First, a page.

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There are about 500,000 elected officials in the U.S. For those running for office far, far down the ballot, it can be hard to get attention in a noisy presidential election year.

NPR's Mara Liasson has been traveling with the Clinton campaign and talks with Rachel Martin about the announcement's impact in the final days of the presidential campaign.

Idaho's most populous county is adopting the convenience of food trucks to attract more early voters. But a new system doesn't agree with everyone in a campaign cycle filled with election fraud talk.

Charlotte Rodrique of the Burns Paiute Tribe says she's "disappointed" by the acquittal of armed men who occupied an Oregon wildlife refuge earlier this year, and worries about the precedent it sets.

Former Attorney General Alberto Gonzales discusses the relationship between the FBI and the attorney general's office after the FBI director said the FBI would again look into Clinton's email server.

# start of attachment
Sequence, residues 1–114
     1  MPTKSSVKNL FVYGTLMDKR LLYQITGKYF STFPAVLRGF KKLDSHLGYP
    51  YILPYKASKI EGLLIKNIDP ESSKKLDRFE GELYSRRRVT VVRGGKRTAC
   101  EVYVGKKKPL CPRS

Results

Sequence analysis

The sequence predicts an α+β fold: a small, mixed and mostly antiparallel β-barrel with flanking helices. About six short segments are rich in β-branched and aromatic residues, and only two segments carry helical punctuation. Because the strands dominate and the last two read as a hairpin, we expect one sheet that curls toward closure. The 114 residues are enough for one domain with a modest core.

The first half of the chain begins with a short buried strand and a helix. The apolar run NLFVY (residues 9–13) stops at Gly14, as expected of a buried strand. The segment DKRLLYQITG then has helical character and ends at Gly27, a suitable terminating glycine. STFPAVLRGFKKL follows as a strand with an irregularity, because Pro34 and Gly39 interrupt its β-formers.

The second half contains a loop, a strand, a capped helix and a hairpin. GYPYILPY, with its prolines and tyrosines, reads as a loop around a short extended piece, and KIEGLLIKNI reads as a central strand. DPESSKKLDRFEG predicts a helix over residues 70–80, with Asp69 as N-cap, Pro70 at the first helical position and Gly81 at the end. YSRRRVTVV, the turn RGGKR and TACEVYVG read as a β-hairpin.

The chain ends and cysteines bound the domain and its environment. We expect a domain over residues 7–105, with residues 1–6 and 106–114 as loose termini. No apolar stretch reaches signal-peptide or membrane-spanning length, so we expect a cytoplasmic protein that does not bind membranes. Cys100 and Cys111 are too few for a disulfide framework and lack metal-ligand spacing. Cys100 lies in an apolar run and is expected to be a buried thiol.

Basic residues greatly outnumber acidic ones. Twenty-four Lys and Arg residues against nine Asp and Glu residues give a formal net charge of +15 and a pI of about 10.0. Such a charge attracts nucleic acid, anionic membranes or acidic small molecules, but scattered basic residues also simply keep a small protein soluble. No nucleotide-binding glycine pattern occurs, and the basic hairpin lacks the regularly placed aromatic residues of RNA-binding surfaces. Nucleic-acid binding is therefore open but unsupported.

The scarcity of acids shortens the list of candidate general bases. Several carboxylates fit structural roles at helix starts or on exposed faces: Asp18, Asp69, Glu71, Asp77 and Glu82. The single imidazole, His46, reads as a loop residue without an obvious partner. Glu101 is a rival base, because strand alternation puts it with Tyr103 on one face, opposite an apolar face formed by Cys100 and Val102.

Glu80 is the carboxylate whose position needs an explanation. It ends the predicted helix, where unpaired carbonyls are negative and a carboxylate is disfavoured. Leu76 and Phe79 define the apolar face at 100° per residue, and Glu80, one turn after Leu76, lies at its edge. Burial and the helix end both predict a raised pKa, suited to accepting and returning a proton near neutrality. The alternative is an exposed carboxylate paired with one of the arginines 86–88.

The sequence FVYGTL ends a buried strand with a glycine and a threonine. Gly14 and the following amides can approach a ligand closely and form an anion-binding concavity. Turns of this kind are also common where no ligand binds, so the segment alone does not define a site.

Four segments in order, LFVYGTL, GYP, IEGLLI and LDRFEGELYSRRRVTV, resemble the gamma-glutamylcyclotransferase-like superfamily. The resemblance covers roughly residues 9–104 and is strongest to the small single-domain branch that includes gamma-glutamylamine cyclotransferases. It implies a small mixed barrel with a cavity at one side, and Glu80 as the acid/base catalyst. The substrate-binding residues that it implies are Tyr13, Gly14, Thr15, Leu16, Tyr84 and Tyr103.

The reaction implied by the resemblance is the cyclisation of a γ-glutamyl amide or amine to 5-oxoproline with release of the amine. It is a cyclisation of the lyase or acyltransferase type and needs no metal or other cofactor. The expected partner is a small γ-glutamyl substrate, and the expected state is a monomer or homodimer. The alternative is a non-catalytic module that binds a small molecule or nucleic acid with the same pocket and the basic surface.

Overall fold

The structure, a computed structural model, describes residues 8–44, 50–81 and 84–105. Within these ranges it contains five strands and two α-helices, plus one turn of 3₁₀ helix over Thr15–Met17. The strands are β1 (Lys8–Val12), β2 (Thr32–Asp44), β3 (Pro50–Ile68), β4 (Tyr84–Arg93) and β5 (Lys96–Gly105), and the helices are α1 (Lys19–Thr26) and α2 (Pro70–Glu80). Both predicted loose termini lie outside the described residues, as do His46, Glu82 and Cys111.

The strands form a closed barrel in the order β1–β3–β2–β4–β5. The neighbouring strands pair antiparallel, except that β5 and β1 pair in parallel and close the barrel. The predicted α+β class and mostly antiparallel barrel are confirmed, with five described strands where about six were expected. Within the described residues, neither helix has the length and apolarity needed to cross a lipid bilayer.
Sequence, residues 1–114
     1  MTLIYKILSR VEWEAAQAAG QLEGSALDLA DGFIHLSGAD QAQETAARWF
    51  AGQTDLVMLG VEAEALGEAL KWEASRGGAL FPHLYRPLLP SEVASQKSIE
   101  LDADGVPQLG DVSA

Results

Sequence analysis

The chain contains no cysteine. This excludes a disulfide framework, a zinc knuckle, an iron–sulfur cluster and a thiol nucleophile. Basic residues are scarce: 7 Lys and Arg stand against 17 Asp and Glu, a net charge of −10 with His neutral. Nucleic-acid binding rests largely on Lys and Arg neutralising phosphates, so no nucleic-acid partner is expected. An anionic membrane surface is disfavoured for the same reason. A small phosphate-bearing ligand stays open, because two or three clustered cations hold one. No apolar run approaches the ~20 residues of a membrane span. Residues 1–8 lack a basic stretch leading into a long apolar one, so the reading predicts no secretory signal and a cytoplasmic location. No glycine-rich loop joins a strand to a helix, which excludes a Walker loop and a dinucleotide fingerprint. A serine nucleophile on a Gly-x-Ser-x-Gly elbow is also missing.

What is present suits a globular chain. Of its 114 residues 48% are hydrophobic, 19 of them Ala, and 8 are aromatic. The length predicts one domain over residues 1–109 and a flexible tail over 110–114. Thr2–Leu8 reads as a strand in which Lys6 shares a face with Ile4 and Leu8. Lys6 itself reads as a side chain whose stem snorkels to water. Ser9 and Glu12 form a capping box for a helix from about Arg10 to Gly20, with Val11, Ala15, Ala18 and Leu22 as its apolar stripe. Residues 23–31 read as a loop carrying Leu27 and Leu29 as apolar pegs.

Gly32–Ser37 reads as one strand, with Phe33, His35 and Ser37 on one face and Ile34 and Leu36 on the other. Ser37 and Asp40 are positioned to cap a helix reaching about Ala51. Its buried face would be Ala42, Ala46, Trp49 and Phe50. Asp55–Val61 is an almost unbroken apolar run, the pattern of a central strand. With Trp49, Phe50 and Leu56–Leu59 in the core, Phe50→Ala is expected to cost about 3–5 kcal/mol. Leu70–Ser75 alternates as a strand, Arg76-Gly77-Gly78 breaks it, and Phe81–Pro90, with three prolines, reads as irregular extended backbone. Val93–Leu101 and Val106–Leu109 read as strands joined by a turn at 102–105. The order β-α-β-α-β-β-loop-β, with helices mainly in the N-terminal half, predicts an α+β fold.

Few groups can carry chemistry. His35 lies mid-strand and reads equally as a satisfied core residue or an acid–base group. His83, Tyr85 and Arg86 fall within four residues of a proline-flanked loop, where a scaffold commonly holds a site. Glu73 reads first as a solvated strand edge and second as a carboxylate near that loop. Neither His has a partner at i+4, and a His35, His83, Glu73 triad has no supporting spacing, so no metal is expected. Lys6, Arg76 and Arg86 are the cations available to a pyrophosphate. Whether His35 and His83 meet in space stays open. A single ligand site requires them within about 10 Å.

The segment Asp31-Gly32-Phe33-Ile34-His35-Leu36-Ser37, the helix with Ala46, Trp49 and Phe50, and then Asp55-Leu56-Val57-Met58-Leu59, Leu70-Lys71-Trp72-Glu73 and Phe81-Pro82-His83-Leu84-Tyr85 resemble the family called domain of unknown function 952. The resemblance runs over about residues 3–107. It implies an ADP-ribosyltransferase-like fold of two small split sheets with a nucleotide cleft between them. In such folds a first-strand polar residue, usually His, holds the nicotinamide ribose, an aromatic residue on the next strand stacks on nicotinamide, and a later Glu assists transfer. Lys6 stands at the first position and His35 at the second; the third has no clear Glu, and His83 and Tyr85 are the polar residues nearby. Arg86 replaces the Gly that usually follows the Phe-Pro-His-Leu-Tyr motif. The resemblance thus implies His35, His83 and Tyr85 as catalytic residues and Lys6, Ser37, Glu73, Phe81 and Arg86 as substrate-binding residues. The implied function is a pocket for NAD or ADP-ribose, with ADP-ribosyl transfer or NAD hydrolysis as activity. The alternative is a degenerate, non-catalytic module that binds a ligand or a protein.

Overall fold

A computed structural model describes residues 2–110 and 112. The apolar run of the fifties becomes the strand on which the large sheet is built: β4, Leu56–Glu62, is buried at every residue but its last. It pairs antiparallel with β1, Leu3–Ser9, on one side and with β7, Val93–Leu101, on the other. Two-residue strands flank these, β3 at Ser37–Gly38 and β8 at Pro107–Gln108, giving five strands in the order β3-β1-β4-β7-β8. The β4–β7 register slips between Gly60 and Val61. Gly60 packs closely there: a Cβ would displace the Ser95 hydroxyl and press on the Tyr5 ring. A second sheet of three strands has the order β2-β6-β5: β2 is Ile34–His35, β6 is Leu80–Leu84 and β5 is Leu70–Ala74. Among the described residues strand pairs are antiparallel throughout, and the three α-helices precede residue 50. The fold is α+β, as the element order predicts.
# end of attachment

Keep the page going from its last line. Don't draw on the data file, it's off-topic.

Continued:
Consultant Stacey Polk, social worker Amy Hoag and community organizer Gary Frazier return to discuss how their opinions about the campaigns have changed since they last spoke to NPR this past summer.

Democrats are rallying to Hillary Clinton's defense after the FBI renewed its investigation into her email practices. Meanwhile, Donald Trump has been talking up the news.

What's the best and worst candy on Halloween? Caroline Framke co-wrote an article for Vox detailing her picks.

Democrats in Colorado are hoping to win the state by promoting not just candidate Hillary Clinton but also Amendment 70, a ballot initiative to increase the statewide minimum wage.

Lincoln Smith is an American who has lived in Texas and worked in Mexico for the past decade. With his unique perspective, he wrote an essay explaining what Americans can learn from Mexico.

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